COUNCIL CORNER One of the major responsibilities of the City Council is to pass a budget. In the City of Taylorsville (similar to our Federal Government), the Mayor proposes a budget, but the City Council is ultimately responsible for approving the budget. As a City Council, we review the Mayor’s proposed budget; make changes, and set spending priorities for the City for the coming fiscal year. Some of the highlights for 2017-2018 are: city beautification and park improvements; increased road and sidewalk maintenance, setting aside funds for the new Salt Lake County Performing Arts Center at City Center, continued focus on public safety and crime reduction. The Council is very concerned about how taxpayer dollars are being spent, as we prudently allocate them knowing they come from our residents. The Council is always interested in the input from the wonderful residents of our City, whom we serve, if you have ideas, concerns, or questions, please contact your City Council representative.


Council Chairman Brad Christopherson – District #3 bchristopherson@taylorsvilleut.gov

Council Member Council Member Dama Barbour – District #4 Ernest Burgess – District #1 dbarbour@taylorsvilleut.gov eburgess@taylorsvilleut.gov

Council Member Council Vice-Chair Kristie Overson – District #2 Dan Armstrong – District #5 koverson@taylorsvilleut.gov darmstrong@taylorsvilleut.gov

Tips to Keep Mosquitoes Away This Summer Summer provides a great time to participate in a variety of outdoor activities. Unwelcome mosquitoes, however, can make many outdoor activities less enjoyable. Familiarity with basic mosquito biology and some simple precautions can help reduce the negative impacts of mosquitoes. Mosquitoes complete the early stages of their life cycle in stagnant water in places ranging from ponds, marshy areas, and irrigated pasture-lands, to gutters, cavities in trees, and bird baths. During the summer, nearly any water left standing for at least one week can provide suitable conditions for larval mosquitoes to develop into adults. Adult female mosquitoes take blood meals from vertebrate hosts to obtain protein required for egg production. In addition to causing an irritating allergic reaction, mosquito bites can facilitate disease transmission. West Nile virus is an example of a disease transmitted by mosquitoes in the Salt Lake Valley. The South Salt Lake Valley Mosquito Abatement District (SSLVMAD) seeks to promote public health and quality of life by reducing the number of larval mosquitoes that develop to the adult stage. District technicians regularly inspect known larval mosquito habitat in the Salt Lake Valley and apply mosquito control measures as needed. Treatments targeting adult mosquitoes are also applied when appropriate.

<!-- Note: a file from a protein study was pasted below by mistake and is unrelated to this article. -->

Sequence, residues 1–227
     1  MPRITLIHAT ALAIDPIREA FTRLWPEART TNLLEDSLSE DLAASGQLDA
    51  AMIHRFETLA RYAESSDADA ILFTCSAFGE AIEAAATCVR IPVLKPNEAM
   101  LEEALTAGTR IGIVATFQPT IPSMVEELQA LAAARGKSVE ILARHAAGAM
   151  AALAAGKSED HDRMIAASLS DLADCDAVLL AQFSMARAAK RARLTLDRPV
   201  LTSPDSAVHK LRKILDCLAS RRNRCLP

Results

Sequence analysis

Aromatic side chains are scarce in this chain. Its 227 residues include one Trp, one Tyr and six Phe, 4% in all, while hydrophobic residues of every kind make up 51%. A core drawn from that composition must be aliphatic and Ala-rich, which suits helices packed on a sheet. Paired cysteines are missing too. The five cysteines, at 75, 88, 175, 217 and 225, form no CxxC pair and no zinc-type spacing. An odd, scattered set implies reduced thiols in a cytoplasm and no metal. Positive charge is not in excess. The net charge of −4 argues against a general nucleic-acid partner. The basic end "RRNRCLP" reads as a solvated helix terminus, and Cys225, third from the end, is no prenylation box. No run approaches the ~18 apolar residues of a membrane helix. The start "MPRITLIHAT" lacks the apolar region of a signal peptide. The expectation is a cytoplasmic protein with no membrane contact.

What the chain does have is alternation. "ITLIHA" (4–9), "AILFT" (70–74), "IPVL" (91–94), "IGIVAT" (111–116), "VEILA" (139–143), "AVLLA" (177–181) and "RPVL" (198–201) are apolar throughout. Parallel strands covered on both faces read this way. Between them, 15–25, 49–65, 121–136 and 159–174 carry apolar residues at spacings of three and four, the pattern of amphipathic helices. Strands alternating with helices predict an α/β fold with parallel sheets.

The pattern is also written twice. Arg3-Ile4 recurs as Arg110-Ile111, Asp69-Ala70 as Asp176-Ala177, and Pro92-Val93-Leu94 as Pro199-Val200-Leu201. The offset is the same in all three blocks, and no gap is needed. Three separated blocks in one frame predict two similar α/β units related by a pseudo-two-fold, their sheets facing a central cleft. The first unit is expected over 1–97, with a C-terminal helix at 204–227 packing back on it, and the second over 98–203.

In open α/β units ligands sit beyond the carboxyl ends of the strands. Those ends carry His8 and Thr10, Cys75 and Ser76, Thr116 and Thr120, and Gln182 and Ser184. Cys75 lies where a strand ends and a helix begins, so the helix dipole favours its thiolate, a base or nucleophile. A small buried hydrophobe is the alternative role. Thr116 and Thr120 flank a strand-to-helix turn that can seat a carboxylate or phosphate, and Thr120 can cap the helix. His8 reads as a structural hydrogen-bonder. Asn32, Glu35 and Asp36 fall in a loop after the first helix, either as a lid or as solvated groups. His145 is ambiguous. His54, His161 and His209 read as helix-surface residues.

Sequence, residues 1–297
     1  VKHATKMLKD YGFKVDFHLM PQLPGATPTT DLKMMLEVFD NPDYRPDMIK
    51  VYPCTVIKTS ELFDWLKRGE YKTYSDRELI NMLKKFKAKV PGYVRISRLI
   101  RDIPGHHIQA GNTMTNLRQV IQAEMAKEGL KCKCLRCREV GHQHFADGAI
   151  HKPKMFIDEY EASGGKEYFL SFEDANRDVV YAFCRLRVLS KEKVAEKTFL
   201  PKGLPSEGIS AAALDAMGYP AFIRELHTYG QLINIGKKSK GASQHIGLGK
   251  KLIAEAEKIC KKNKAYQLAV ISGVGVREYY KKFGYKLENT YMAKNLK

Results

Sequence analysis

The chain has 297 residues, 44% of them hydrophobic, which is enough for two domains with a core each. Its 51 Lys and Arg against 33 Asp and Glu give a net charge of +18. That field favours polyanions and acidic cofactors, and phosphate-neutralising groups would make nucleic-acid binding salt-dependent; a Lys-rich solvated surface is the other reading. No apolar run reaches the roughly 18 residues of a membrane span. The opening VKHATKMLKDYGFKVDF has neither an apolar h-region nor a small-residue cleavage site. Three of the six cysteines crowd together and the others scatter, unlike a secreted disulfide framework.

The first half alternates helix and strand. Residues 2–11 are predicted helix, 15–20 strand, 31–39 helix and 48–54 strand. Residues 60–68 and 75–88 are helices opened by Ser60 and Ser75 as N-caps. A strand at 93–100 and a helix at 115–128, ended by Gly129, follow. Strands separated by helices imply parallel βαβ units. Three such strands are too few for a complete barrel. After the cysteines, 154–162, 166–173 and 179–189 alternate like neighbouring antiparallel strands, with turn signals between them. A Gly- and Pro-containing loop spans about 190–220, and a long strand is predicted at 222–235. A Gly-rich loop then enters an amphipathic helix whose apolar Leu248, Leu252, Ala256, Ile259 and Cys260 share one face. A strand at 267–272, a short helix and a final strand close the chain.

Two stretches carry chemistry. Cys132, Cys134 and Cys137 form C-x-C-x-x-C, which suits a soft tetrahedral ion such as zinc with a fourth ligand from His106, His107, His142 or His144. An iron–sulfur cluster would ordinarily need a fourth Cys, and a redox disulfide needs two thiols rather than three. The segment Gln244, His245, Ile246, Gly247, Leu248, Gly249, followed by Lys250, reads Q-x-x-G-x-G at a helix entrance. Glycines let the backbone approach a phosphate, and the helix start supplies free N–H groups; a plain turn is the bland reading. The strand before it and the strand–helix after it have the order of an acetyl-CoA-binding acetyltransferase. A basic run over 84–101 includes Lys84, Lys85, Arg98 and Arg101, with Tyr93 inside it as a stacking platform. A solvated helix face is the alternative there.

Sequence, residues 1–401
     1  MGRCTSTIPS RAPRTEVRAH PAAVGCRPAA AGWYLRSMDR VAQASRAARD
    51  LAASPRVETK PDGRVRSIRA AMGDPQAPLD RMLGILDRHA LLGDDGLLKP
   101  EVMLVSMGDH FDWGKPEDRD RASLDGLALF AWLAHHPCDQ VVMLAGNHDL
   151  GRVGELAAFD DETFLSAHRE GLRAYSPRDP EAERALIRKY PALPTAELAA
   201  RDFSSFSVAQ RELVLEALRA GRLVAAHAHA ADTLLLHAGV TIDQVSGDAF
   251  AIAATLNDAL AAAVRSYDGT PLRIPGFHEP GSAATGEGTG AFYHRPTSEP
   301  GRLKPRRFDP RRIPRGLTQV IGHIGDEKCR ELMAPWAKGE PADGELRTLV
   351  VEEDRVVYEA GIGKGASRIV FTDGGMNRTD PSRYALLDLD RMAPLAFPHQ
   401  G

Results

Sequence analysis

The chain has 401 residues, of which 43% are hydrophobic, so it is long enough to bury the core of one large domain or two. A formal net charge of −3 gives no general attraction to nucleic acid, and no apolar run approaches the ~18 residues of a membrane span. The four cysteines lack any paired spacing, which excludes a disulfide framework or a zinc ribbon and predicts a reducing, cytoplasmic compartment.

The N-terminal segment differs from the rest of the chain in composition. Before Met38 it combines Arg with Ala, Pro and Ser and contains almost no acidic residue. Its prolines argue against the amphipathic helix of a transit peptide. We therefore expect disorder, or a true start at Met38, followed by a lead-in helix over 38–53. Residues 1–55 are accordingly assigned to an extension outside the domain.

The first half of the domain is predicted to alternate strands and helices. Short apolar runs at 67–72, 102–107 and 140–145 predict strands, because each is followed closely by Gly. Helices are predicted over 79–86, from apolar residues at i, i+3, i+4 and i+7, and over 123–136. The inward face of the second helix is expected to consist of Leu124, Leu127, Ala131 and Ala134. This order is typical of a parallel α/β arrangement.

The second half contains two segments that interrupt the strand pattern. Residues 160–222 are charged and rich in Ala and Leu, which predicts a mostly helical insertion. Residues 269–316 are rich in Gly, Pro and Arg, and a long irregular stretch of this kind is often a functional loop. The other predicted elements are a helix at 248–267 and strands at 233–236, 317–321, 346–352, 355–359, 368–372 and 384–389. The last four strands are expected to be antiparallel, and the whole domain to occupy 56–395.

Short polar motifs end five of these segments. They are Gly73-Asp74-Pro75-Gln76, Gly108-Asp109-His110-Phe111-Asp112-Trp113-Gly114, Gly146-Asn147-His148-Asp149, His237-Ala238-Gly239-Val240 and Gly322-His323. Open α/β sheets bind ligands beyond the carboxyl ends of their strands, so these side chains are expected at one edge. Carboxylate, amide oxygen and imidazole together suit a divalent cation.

You can help control the population of mosquitoes by: • Eliminating unnecessary standing water from your property. • Emptying and refreshing desirable standing water at least weekly. • Treating livestock watering troughs and ornamental ponds with mosquito control products or fish (this service is available free of charge from the SSLVMAD). • Reporting other standing water to the SSLVMAD. Additionally, the following suggestions can help you avoid being bitten by mosquitoes: • Use mosquito repellents approved by the Environmental Protection Agency according to instructions on the product label. • Wear light-colored, loose-fitting clothing that covers as much skin as possible when outdoors. • Avoid outdoor activities during times of peak mosquito activity (between dusk and dawn for several species of mosquitoes including disease vectors known to occur in Utah). The South Salt Lake Valley Mosquito Abatement District would like to wish everyone a safe and pleasant summer. For additional information about mosquitoes and mosquito control or to submit a request for service please visit www.sslvmad.org.





| www.taylorsvilleut.gov

Chief Tracy Wyant

The following UPD Taylorsville Precinct Awards were presented by Chief Tracy Wyant at the City Council Meeting held on Wednesday, May 17, 2017.

(L-R) Detective Van Leeuwen, Detective  Louie Muniz, Detective  VanRoosendaal, Officer Watrous